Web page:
We have yet to learn the syntax of the words corresponding to the destinal fold that is our own. Heidegger speaks cautiously, questioningly, of the language through which we would be wholly the inhabitants of our transitional era: “Each in its way, our Western languages are languages of metaphysical thinking. It must remain an open question whether the essence of the occidental languages is metaphysical in itself and thus stamped once and for all by onto-theo-logy, or whether these languages offer other possibilities of utterance.”19 If such different utterances are possible, they will free natural language from onto-theo-logy. Language, to be emancipated, will have to rid itself of the grammar dictated by metaphysics. The tongue to be learned would then have to extricate itself from that fundamental pros hen, the subject-predicate attribution. If we knew how to speak in such a way as to correspond to the Janus economy, an inconstancy as unsettling as the decline of the epochal principles would creep into words. Such inconstancy would give that decline its very extension and comprehension. The apprenticeship that may render our relation to technology ‘simple and still’ will then, be it only for its linguistic nature, necessarily be collective. Responding and corresponding to the essence of technology cannot be an individual affair. How could a natural language be private? If, in its essence, technology is still principiai in stature but already anarchic in germ, how could words free themselves from their metaphysical order without subverting the most basic speech patterns of our civilization as it discovers itself relocated, by that germinal power, outside of onto-theo-logy? And if, in order to experience the ‘limits’ of technology, our being-there is to open itself up to that bifrontal essence, how could Dasein in any way designate the individual subject?20 That it is still impossible for us to string words together in an order other than pros hen, should say something about the time it may take to free the post-modern economy of any principial overdetermination, about the time necessary to prepare an a-principial economy. Still more, it might be asked whether we are even prepared to learn the language of our own time, an anti-principial Ianguage, a double-talk as bifrontal as the anarchy principle. According to Heidegger, a transference, a setting-across, a translation is necessary for us even to enter the constellation of our own age. We must über-setzen toward the economy of the twentieth century the way one sets over to another shore.21 In general, “in a given epoch of the destiny of being, an essential translation corresponds each time to the way a language speaks within that destiny.”22 Either we learn to speak as the contemporary economy of presence speaks to us, or what is propitious in advanced technology will be lost. To put it negatively: either we unlearn the pros hen grammar, or the technological grip will be fatal for us. Either we listen and hear how the guiding word of Western philosophy, eon, speaks to us today, or the accumulation of onta will consolidate their assault (Andrang). “Whether or not we will get beyond talking about technology and attain a relationship to its essence may well depend on this ‘either-or’. Indeed, we must first of all respond to the essence of technology in order to ask afterward whether and how man can master it.”23 Here, the either-or is a matter of hearing and speaking: hearing the injunctions of the age of closure or not hearing them; unlearning the grammar of the pros hen or not unlearning it. The question is one of syntax. There can be nothing private about that.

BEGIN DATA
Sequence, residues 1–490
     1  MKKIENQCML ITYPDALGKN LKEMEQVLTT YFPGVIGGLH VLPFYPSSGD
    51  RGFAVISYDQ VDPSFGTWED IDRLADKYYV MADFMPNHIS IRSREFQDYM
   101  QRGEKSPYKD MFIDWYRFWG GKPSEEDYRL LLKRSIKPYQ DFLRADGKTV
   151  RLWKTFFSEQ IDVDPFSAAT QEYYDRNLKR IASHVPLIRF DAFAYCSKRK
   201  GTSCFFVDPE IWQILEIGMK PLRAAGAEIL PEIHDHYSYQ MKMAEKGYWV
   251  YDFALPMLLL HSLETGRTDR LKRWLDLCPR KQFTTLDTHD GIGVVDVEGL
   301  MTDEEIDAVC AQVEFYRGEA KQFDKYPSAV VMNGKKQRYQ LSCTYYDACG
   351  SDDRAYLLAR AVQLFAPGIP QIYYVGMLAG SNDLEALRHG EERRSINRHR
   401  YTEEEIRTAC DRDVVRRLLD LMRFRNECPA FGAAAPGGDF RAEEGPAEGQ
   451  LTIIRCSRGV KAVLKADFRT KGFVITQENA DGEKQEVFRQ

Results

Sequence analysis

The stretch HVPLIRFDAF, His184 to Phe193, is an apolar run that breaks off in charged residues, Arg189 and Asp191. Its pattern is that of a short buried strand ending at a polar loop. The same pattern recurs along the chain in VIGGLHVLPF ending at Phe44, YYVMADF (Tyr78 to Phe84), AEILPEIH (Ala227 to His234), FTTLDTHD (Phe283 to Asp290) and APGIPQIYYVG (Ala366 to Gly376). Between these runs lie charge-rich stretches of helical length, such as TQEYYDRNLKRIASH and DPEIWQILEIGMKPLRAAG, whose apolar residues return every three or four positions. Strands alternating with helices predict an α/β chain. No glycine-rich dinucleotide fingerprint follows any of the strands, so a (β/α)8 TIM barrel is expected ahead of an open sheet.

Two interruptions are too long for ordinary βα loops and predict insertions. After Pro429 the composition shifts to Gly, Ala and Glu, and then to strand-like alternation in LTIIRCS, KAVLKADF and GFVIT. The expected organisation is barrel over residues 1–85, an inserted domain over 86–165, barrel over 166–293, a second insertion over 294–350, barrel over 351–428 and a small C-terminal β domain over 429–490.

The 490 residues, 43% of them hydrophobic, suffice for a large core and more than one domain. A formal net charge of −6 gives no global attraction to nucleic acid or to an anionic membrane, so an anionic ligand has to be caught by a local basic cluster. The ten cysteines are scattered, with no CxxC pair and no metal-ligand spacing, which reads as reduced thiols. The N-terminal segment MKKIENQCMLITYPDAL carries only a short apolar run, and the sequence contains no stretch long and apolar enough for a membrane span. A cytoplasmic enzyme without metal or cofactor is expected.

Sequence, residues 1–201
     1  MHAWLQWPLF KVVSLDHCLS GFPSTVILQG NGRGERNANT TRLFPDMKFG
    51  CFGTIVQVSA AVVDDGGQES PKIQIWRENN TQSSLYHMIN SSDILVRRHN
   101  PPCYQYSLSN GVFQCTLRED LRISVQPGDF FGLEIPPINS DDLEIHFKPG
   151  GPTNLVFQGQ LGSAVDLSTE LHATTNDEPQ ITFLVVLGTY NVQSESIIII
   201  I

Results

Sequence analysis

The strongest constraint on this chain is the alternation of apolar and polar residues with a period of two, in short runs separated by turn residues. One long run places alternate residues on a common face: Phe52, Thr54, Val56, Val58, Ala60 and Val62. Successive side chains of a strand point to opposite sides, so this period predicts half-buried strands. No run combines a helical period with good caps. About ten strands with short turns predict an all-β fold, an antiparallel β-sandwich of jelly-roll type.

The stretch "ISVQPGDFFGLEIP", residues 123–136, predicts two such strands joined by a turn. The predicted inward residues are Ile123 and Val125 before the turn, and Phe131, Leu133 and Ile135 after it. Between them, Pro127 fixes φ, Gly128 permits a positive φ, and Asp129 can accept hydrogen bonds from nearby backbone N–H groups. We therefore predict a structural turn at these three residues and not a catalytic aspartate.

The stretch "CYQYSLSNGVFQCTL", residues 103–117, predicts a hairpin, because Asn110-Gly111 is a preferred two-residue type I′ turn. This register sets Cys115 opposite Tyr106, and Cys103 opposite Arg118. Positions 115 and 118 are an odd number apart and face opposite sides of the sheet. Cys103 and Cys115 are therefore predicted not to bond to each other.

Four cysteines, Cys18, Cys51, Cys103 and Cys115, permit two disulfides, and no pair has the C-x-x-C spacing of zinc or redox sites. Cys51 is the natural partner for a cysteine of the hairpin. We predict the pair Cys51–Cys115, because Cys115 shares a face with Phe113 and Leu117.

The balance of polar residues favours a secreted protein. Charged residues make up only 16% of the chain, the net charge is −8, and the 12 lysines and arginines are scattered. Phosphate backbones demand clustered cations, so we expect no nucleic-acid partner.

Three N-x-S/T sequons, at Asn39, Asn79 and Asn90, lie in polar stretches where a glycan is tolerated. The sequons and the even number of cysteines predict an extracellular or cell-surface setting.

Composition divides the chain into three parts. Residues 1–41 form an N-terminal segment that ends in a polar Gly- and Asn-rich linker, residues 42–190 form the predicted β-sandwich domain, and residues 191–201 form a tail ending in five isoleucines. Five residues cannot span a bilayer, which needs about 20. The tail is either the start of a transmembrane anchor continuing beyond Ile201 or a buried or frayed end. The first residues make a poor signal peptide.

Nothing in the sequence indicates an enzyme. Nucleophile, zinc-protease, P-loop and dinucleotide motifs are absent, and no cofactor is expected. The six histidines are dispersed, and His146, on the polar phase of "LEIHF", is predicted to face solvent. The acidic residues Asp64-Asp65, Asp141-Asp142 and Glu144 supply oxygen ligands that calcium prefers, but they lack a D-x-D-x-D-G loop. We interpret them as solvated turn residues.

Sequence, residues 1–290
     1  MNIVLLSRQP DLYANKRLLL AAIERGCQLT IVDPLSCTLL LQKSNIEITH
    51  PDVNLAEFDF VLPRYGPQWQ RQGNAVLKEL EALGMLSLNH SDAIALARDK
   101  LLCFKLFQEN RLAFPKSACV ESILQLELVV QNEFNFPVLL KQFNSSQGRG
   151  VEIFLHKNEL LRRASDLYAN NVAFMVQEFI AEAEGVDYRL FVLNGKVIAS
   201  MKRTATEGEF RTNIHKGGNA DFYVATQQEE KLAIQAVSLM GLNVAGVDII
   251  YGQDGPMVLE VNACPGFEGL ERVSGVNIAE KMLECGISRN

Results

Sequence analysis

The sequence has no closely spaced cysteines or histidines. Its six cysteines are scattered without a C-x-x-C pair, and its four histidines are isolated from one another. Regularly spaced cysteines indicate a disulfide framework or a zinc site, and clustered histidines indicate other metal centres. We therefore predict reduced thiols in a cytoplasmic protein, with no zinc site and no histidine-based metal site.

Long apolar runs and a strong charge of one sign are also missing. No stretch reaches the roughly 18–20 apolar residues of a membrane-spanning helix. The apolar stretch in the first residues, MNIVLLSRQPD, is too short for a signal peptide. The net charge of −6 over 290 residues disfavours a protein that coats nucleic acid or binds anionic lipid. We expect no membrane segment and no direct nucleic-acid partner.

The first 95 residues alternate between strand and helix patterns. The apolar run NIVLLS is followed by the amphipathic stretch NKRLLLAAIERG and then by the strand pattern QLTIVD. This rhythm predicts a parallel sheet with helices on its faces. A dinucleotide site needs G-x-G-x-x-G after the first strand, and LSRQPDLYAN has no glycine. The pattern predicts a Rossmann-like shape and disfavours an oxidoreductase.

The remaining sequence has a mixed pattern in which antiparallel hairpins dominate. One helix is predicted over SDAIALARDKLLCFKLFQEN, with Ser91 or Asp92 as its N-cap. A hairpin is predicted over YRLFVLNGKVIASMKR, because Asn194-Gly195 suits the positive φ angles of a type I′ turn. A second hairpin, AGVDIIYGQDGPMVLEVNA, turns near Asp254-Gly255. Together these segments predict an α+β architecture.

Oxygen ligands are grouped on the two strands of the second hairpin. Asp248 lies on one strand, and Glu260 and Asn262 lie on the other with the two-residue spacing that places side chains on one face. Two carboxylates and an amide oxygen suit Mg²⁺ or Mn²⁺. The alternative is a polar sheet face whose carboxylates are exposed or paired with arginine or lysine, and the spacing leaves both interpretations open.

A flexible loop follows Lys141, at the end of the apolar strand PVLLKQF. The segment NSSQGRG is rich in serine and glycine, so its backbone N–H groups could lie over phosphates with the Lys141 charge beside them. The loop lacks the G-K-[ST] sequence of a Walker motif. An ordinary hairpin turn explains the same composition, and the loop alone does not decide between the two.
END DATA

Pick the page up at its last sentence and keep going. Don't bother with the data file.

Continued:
Especially with regard to poetry, Heidegger develops the conditions for our entry into destinal language. Through the “poematic project of truth” a historically given community responds to the potential “thrown toward” it.24 Its every ‘project’ (Entwurf) corresponds to that economic ‘casting forth’ (Zuwurf). In Heidegger’s writings on language, just as in those on deconstruction, ‘being thrown’ prevails over ‘projecting’. For example: “To follow the essential unfolding of language, to say of it what is its own, requires a transformation of language that we can neither compel nor invent.” This is because we are thrown into a tongue and more generally, languages, which are “determined by destiny,” historical. When measured against that thrownness (Geworfenheit), any project is of little account: “At the very most we can perhaps prepare, to a slight extent, the transformation of our relationship to language.”25 What is to be retained is the fact that the bifocal essence of technology dictates the possibility of a double way of speaking from which, eventually, a simpler speech may be born, one freed of the grammar that has made the West. But these transitions will be public or they will be nothing at all.